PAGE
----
Hymn of the Month

We are commanded to, "Let the word of Christ dwell in you richly, teaching and admonishing one another in all wisdom, singing psalms and hymns and spiritual songs." (Colossians 3:16). Accordingly, we incorporate hymns into our regular Sunday morning worship at Pacific Hope Church. We firmly believe in equipping God's people with the knowledge of His Word through sound teaching in our classes, Bible studies, and even in our Sunday morning worship. Our worship will always be with the purpose of exalting the Lord to His proper place; it is never man-centered or seeking to create an emotional experience.

How Deep  (Click to listen)

by Stephen Altrogge, (based on the prayer, "Love Lustres at Calvary" from The Valley of Vision)


Verse 1

You were broken that I might be healed;
You were cast off that I might draw near.
You were thirsty that I might come drink,
Cried out in anguish that I might sing.



How deep is Your love!
How high and how wide is Your mercy.
How deep is Your grace!
Our hearts overflow with praise
To You.


Verse 2

You knew darkness that I might know light,
Wept great tears that mine might be dried.
Stripped of glory that I might be clothed,
Crushed by Your Father to call me Your own!


February’s Hymn of the Month, How Deep, was written for an album of songs inspired by and named for The Valley of Vision, a collection of Puritan prayers taken from the writings of men like John Bunyan, Isaac Watts, David Brainerd, Augustus Toplady, William Jay, Henry Law and Charles Haddon Spurgeon.  The album was produced by Sovereign Grace Music in 2006.

Love Lustres at Calvary” is the particular prayer that inspired Stephen Altrogge to write How Deep.  In it, we are simply—yet profoundly—reminded of the infinite love of Christ that took on our sin, exchanging it for the righteousness of God so that as believers we no longer stand condemned.

 “The Puritan prayer, Love Lustres at Calvary, describes this great exchange: we receive Christ’s holiness and forgiveness while Christ takes upon himself our guilt and just judgment. As an act of love, God gladly made this unfair, one-sided trade of our selfishness and pride for Christ’s righteousness and holiness. Therefore, we can live a life of intimacy with the Father because Christ has made all things right. This great exchange means that we can live on a daily basis an exchanged life of victory.

“At Calvary, the greatest of all exchanges occurred. Jesus Christ, the one who is fully man and fully God, truly innocent and without sin, took upon himself all our selfishness, rebellion, and hate and substituted his righteousness, forgiveness, and love. Christ bore the just judgment of God for our miserable sins, guilt, and shame. Some theologians call this act, double imputation. I call it glory.”1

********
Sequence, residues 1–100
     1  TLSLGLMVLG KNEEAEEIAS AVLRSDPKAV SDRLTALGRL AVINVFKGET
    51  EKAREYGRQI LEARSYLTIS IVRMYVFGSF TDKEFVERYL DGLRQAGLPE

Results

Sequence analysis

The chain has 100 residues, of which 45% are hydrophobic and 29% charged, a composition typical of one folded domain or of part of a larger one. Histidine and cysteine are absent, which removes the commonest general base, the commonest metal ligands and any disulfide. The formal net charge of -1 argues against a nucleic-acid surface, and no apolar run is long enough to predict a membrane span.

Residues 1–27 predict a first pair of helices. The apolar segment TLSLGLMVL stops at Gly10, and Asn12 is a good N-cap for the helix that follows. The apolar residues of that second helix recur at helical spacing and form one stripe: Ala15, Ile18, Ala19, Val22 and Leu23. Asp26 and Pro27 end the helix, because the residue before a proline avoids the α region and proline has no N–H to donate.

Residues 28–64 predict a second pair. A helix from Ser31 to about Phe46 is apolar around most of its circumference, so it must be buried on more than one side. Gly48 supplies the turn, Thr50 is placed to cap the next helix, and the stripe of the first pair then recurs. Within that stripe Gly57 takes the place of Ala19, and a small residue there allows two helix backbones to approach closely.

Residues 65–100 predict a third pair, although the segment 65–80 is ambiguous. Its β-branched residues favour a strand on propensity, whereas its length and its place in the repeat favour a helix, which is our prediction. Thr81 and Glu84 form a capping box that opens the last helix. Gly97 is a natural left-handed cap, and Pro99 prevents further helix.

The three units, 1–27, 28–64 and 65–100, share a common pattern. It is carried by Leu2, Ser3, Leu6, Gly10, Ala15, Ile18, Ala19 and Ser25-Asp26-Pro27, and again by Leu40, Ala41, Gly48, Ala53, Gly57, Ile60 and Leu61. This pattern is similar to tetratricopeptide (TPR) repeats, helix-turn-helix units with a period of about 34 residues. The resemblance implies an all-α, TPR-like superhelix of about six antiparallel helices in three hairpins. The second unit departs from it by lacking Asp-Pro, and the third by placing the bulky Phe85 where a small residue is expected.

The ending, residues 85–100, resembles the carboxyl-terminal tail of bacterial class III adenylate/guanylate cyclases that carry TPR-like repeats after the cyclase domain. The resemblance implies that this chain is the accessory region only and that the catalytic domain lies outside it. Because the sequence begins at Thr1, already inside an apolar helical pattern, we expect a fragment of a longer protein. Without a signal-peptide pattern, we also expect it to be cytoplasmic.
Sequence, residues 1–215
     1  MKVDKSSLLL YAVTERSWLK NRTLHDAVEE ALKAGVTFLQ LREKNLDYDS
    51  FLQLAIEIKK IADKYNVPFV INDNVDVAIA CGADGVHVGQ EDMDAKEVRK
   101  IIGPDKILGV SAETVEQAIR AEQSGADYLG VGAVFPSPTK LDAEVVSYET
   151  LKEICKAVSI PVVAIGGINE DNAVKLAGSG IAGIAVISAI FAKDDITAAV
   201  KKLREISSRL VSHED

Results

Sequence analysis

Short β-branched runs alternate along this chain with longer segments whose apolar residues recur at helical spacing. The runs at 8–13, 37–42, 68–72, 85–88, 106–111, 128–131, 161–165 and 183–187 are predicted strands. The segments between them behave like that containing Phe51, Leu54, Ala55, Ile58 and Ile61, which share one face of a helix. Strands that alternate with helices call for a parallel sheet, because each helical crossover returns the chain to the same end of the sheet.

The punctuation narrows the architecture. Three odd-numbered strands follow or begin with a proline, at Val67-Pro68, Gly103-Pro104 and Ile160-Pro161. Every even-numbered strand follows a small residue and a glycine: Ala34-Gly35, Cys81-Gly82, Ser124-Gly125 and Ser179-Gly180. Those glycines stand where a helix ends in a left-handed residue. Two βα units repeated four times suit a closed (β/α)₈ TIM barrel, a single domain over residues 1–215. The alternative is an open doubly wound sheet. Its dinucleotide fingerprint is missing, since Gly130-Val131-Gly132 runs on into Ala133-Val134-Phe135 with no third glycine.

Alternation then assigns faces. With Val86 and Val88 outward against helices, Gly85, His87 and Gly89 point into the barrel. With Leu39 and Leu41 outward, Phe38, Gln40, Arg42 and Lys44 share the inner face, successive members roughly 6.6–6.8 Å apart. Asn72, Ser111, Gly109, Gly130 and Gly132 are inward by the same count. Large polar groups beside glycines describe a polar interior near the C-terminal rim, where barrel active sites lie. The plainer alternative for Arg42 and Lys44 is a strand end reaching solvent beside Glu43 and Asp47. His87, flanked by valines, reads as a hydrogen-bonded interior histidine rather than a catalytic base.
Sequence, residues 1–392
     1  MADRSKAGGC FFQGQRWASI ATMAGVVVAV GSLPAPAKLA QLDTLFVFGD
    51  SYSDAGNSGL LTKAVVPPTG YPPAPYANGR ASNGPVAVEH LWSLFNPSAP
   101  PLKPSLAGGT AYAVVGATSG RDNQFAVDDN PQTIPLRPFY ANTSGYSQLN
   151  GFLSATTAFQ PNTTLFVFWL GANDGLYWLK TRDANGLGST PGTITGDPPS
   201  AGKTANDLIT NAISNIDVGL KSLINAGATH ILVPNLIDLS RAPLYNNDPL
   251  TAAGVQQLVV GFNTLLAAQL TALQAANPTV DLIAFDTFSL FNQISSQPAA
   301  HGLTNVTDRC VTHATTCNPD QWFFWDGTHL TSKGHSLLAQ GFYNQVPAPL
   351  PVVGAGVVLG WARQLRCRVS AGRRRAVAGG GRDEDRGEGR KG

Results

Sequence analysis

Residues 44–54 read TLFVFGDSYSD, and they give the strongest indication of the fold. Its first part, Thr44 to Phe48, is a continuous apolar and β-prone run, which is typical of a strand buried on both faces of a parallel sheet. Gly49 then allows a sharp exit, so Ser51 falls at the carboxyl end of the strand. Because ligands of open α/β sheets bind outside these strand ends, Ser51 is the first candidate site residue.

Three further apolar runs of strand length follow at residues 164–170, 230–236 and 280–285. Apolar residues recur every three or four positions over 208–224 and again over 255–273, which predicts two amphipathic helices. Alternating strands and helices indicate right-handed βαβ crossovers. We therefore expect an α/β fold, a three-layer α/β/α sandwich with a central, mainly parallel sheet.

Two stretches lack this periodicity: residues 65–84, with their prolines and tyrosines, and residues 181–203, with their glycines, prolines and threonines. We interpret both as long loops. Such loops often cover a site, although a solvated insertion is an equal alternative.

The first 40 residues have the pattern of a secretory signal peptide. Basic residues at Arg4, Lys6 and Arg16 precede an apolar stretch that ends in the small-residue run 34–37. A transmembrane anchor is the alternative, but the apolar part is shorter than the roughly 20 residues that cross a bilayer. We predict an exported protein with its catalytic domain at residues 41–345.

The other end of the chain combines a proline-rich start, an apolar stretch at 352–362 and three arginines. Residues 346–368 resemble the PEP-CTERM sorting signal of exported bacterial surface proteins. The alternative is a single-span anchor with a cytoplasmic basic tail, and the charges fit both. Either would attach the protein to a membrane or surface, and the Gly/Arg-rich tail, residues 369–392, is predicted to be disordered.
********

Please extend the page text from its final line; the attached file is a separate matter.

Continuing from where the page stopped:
From “The Valley of Vision”


Love Lustres at Calvary

My Father,

Enlarge my heart, warm my affections, open my lips,

supply words that proclaim ‘Love lustres at Calvary.’


There grace removes my burdens and heaps them on thy Son,

made a transgressor, a curse, and sin for me;

There the sword of thy justice smote the man, thy fellow;

There thy infinite attributes were magnified,

and infinite atonement was made;

There infinite punishment was due,

and infinite punishment was endured.


Christ was all anguish that I might be all joy,

cast off that I might be brought in,

trodden down as an enemy that I might be welcomed as a friend,

surrendered to hell’s worst that I might attain heaven’s best,

stripped that I might be clothed,

wounded that I might be healed,

athirst that I might drink,

tormented that I might be comforted,

made a shame that I might inherit glory,

entered darkness that I might have eternal light.


My Saviour wept that all tears might be wiped from my eyes,

groaned that I might have endless song,

endured all pain that I might have unfading health,

bore a thorny crown that I might have a glory-diadem,

bowed his head that I might uplift mine,

experienced reproach that I might receive welcome,

closed his eyes in death that I might gaze on unclouded brightness,

expired that I might forever live.


O Father, who spared not thine only Son that thou mightest spare me,

All this transfer thy love designed and accomplished;

Help me to adore thee by lips and life.

O that my every breath might be ecstatic praise,

my every step buoyant with delight, as I see my enemies crushed,

Satan baffled, defeated, destroyed,

sin buried in the ocean of reconciling blood,

hell’s gates closed, heaven’s portal open.

Go forth, O conquering God, and show me the cross, mighty to subdue, comfort and save.


 1Glenn Davis, http://www.canonglenn.com/2011/04/21/love-lustres-at-calvary/